Dead Island has been in development for a fair few years, almost causing the Techland zombie title to fly off the radar completely. Then suddenly, the game was thrust into the limelight earlier this year with that trailer, getting everybody talking about it. However, the trailer ended up having no bearing on the final product, other than it was a zombie game at some resort hotel. There is so much more to the game though, and not all of it is pretty.
At the very core, Dead Island is a complex and involved RPG. Levelling, crafting, and skill trees are fundamental parts of the experience, with each of the four main characters having unique skills and specialties. Like an RPG, you have a main quest going at any one time, however the game world has a huge array of side quests for you to pick up as well. These range from your standard ‘kill these zombies’ or ‘collect these items’, although there is enough variety in them that they never feel too stale.
The other side of Dead Island is a zombie survival game, with a bigger focus on melee weapons than firearms. Around the world you will pick up weapons from the environment, as loot from the undead, as quest rewards, and also plain old fashioned vendor purchases. In the early stages of the game, the survival aspect is more about just finding a usable weapon to fend off Zombies, grabbing a nearby oar or iron pipe to whack something. When you start picking up viable weapons to reuse, you begin to learn about aiming your blows to severe limbs or break bones. Using an odd combat system, you hold a shoulder button to raise your weapon, then the right stick to control your characters arm movements to swing the weapon around.
To be frank, it’s a little janky. You’ll either get used to it eventually, or concentrate on any number of other technical issues that plague the game. It’s the perfect concoction for a jankfest – an overly ambitious, open world, hack and slash shooter with RPG elements made in Poland. Admittedly, a lot of problems have been fixed since launch: inventory items don’t disappear now, save files aren’t corrupting as commonly, attacks do what they’re supposed to, enemies level better in coop, etc – However, laughable clipping, mistimed dialogue, broken quests, and more, are still problems you’ll face playing the game today.
As the game progresses, you’ll find yourself travelling to 4 distinct areas. The hotel at the beginning is soon left behind for the ravaged Island capital, followed by the Jungle, and finally the offshore prison. Which for some reason is surrounded by mines. There’s a lot of ‘for some reason’ with the games almost incoherent story, with your characters seemingly blindly following whoever asked them to do something most recently. And then. suddenly, after fighting zombies half the game, real people will start shooting at you with little warning. Without batting an eyelid, your characters will stomp through their heads at a moment’s notice. It’s all very jarring.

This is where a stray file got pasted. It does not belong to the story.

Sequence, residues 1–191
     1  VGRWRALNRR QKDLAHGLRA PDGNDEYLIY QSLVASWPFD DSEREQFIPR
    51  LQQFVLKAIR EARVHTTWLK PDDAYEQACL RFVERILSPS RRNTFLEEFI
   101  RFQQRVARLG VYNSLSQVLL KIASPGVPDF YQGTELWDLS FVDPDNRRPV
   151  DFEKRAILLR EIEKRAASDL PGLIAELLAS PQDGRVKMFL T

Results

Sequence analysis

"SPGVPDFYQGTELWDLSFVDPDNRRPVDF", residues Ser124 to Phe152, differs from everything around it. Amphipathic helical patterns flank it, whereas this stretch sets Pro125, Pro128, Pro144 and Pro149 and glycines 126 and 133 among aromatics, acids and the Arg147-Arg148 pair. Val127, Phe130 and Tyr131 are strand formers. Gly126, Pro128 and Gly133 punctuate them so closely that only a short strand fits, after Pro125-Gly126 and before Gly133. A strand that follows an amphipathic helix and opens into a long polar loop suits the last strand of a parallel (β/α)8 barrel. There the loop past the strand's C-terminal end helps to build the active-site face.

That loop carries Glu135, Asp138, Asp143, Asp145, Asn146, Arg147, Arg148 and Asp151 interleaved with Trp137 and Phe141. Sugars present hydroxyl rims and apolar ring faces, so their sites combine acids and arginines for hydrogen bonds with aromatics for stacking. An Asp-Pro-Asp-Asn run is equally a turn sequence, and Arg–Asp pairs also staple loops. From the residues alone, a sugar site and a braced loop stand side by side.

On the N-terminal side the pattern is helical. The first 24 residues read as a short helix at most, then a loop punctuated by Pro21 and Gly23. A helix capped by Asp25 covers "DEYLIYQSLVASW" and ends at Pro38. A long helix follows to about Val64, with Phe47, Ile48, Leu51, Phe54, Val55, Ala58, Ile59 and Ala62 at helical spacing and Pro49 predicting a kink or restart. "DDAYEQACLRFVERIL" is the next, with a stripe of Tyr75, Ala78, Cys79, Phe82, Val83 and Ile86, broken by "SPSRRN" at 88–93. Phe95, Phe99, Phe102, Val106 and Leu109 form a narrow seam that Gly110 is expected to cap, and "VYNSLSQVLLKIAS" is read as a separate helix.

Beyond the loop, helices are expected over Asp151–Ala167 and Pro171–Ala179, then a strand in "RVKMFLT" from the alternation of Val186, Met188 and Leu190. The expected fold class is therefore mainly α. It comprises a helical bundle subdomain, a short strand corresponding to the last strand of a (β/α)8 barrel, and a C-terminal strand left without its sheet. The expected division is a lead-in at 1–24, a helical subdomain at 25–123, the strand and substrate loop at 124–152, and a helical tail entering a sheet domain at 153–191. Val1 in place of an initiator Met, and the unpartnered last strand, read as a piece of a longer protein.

As a single player game, it is incredibly difficult and frustrating. The bugs hamper the gameplay no end, and the checkpointing is infuriatingly inconsistent. Co-op is really the best way to go with Dead Island, turning maddening sections from single player into manageable yet challenging encounters to overcome with team work. Even deaths find a balance in co-op, and not just because friends are able to heal or revive you. Whereas before you may have been unavoidably overwhelmed, now it’s a lot fairer if you die.
In some ways, a lot of the minor jank actually adds to the experience while in Co-op, as you and your friends laugh at how a jump kick looks like someone is kneeling in mid-air before extending their leg awkwardly. Later, some of you are teleporting between chairs in the back of a truck, all while any zombie that dares cross the drivers path clips through and around the vehicle, limbs flailing. A knife that looks like a fire sword on your friends character is just shimmering for you. As long as you don’t take it too seriously, it can be fun.
In the end, it’s something that should really be applauded for its depth and ambition. Behind the scenes, the game seems to work remarkably well most of the time. There’s also plenty to do in it, so you’re definitely getting value for money if that’s a concern. Apparently, I played 20 hours into it on one playthrough with friends. It’s definitely not for everyone, even if it tries to be, but it is definitely a curiosity and a serviceable co-op game.